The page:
MANY ARE UNAWARE OF IVEAGH GARDENS THE SECRET WALLED GARDEN
The Iveagh Gardens is a public park located between Clonmel Street and Upper Hatch Street, near the National Concert Hall in Dublin, Ireland. It is a national, as opposed to a municipal park, and designated as a National Historic Property. The gardens are almost completely surrounded by buildings making them less noticeable and a little hard to find, unlike other green spaces in Dublin.
In the late 18th century Lord Milltown leased the land to John Hatch, the principal developer of Harcourt and Hatch Streets. Hatch sold it to The 1st Earl of Clonmell (also known as “Copper-Faced Jack”) as his private gardens. The gardens then became known as Clonmell Lawns Located on Harcourt Street is Clonmell House that faces on to Clonmell Street which leads into the Iveagh Gardens. A subterranean passage brought the Earl from his house to the gardens without him having to walk over the street. The Wide Streets Commission had planned for Clonmell Street to run through what is now the gardens thereby linking Harcourt Street to the then newly constructed Earlsfort Terrace. However, this passage was not located during archaeological monitoring conducted during the construction of the LUAS.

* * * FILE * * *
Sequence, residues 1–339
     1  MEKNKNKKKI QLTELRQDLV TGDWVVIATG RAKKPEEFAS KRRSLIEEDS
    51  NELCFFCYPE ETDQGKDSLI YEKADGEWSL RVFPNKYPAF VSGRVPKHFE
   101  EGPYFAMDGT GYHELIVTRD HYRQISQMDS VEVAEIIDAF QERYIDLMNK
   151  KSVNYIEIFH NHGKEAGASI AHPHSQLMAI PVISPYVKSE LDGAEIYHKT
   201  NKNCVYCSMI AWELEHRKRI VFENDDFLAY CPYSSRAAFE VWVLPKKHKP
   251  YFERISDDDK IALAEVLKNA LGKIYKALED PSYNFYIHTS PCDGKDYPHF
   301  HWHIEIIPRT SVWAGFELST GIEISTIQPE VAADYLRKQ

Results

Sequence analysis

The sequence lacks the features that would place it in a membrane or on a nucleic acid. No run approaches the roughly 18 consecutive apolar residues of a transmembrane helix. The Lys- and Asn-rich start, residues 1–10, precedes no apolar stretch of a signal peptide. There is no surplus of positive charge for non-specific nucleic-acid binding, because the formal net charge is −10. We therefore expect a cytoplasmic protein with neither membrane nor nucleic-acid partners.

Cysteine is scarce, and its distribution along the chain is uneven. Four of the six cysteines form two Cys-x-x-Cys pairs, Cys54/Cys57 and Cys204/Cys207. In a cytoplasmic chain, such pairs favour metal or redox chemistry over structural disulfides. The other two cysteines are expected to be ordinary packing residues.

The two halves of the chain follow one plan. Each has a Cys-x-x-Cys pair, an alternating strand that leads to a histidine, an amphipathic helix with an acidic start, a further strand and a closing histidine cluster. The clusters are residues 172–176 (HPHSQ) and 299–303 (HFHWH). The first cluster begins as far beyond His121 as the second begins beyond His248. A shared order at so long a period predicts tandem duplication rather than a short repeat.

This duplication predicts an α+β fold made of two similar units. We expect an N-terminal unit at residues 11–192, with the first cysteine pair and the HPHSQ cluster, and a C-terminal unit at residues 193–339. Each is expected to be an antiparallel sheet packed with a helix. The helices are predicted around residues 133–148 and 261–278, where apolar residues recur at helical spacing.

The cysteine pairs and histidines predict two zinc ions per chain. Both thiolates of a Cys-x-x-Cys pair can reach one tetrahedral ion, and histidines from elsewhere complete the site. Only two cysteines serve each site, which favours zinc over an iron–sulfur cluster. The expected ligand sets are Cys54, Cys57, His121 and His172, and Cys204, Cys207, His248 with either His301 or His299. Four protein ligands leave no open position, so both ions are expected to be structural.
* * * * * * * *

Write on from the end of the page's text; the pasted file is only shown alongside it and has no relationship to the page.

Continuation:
When the 1st Earl died in 1798, his son the 2nd Earl (then aged 14 years old) inherited the estate including Clonmell Gardens. The estate was sold in 1810 and the gardens were opened for public use around 1817 and renamed “Coburg Gardens” after the royal family of Saxe-Coburg. Entrance to the park was from the South Side of St Stephen’s Green, the “Royal Horse Bazaar”.
The Coburg Gardens provided the setting for a major riot in August 1835, during which several Orangemen were badly injured. By 1860 the gardens had fallen into disrepair being used as a site for grazing sheep and dumping waste.
In 1862, Sir Benjamin Lee Guinness co-founded the Dublin Exhibition Palace and Winter Garden Company (Limited), with the intention of providing a permanent exhibition of Irish arts and manufactures and also reading rooms, flower gardens, and a gas-lit winter garden, for public enjoyment modeled on the Crystal Palace of Sydenham. He sold the 17-acre site to the company for the price he had paid for it. The site was selected as the location for the Dublin Exhibition Palace and Winter Garden, which was officially opened by H.R.H. Albert Edward, Prince of Wales, on 9 May 1865.